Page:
Dark Paradise by Gene Desrochers
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Published on 25 June 2018
I was approached by the author and given a complimentary copy of this book in exchange for an honest review.
After the unexplained death of his wife in Los Angeles, Boise Montague decides to go back to his native Carribean island of St Thomas for a change of scenery and with hope of rekindling some old friendships. Once there, he discovers that his oldest school friend, Roger Black, became a drug dealer and got killed in what the police assumed to be a settling of scores between drug lords. Unconvinced by the police’s explanation, Boise, with the help of reporter Dana Goode, sets off to unravel what really happened to Roger.
To be completely honest with you guys, I’ve got mixed feelings about this book. I liked that it’s set in a struggling Caribbean island so the setting differs to most murder mystery novels, and it does transport you there. The fact that the author used the local dialect also enhances this feeling of authenticity and exoticism. The author very successfully describes an island where poverty has struck and the only sources of income come from tourists and the odd politicians visiting; and even the police system is somewhat corrupt.
Now the part that I struggled with is the believable-ness of the story. Boise has literally just landed on the island, and within a couple of days, manages to convince a complete stranger to take on an investigation with him, even though none of them are qualified for the task. In particular, the part with the pizza shop owners baffled me. Boise and Dana manage to break into a crime scene and all they find is a pizza box, so they decide to go and talk to the pizza shop owners and within an hour or so of talking to them, they convince them to come along and help them rescue a kidnapped victim. This just doesn’t seem realistic to me. There’s also a lot of running around and interviewing random people, most of which are too briefly mentioned to really make a mark on the story. I know this is supposed to be a fast-paced action story, but it felt excessive and unnecessary. None of the characters, apart from Boise, are given enough back story for the reader to relate to them. There is just too much going on at any one time, and it overshadowed the characters development.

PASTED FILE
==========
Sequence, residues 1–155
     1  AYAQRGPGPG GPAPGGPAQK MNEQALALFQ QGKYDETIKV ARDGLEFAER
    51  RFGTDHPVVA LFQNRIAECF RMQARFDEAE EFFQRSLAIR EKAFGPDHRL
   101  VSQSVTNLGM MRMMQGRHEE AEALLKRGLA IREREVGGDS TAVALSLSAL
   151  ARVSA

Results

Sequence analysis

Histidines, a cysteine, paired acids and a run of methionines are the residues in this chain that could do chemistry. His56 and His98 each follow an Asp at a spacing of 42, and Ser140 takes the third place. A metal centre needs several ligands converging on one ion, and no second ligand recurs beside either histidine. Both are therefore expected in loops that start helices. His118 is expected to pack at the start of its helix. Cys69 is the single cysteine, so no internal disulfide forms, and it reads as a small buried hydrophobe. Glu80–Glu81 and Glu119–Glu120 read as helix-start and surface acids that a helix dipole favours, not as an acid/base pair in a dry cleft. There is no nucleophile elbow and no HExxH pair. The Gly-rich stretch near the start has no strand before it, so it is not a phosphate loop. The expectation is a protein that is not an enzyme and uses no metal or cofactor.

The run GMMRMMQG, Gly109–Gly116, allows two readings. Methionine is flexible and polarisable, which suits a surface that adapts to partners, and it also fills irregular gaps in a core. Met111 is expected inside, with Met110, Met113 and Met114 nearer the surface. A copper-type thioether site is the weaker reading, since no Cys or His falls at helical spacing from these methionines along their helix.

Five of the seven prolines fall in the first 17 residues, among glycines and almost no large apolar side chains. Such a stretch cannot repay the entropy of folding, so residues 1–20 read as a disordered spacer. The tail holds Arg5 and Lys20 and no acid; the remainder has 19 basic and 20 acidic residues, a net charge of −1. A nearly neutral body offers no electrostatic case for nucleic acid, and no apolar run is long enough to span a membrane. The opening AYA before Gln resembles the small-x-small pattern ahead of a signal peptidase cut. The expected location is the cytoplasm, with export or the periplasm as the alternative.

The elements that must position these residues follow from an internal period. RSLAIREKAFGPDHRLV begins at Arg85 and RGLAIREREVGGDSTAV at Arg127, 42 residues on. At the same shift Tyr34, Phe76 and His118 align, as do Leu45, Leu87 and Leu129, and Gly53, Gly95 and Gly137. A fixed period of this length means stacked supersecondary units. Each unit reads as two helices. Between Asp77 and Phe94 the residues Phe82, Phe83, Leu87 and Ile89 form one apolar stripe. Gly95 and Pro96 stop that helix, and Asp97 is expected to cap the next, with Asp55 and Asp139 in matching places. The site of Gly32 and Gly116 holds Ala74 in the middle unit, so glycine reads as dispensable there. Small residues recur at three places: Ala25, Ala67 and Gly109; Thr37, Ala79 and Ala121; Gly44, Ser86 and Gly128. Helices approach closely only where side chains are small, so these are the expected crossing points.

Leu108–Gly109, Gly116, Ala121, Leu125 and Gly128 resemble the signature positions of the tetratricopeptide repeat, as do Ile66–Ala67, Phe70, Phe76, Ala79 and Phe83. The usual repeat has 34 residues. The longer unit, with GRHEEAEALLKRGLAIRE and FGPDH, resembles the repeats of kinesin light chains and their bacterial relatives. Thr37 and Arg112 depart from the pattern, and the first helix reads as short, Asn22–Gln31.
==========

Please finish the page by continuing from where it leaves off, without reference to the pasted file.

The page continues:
Now, when it comes to Boise himself, he is somewhat of a lovable character. Devastated by the death of his wife and prone to chronic health problems, he has become dependent on pain killers and beer. I believe that he set himself the mission of discovering what happened to his old friend as a way to regain some sense of purpose in life and possibly righting some wrongs (since the death of his wife remains a mystery). However, I found his way of going about it problematic. For example, he goes to someone’s house to ask them some questions. When the lady won’t tell him all that she knows because she needs to leave for work, he follows her to her place of work and basically stalks her all day until she finishes her shift and drives home, where he follows her again and as she says she’s leaving for the airport, he books himself tickets on the very same plane and follows her back to St Thomas. Now, this is not diligent detective work, it’s just downright stalkerish and creepy. I don’t know about you, but if a random guy was following me around all day, I would call the police within the hour and get him arrested.
Finally, I wasn’t particularly surprised by the resolution of the crimes and therefore not very impressed. Overall, I liked the exoticity and unusual setting of the book but the plot itself fell a bit short.